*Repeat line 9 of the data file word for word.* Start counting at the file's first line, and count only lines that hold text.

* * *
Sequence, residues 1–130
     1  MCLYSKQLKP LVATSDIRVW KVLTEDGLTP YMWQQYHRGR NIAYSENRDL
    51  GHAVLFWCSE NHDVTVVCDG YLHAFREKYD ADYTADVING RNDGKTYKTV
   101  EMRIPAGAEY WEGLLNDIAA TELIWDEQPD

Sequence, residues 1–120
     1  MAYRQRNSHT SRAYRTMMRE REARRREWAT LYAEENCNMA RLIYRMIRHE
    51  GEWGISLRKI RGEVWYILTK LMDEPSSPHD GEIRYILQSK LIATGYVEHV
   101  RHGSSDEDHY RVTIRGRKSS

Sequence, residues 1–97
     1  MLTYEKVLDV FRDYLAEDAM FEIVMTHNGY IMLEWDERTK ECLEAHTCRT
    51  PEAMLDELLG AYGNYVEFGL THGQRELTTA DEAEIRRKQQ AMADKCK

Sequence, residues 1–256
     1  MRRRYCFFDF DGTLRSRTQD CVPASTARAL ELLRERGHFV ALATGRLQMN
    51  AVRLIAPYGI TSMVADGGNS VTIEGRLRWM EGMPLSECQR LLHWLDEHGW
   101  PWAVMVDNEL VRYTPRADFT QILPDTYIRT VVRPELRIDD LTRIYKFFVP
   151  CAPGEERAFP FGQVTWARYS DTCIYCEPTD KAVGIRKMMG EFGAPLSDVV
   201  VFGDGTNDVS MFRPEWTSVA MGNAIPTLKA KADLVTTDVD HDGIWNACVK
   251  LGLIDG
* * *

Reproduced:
Sequence, residues 1–97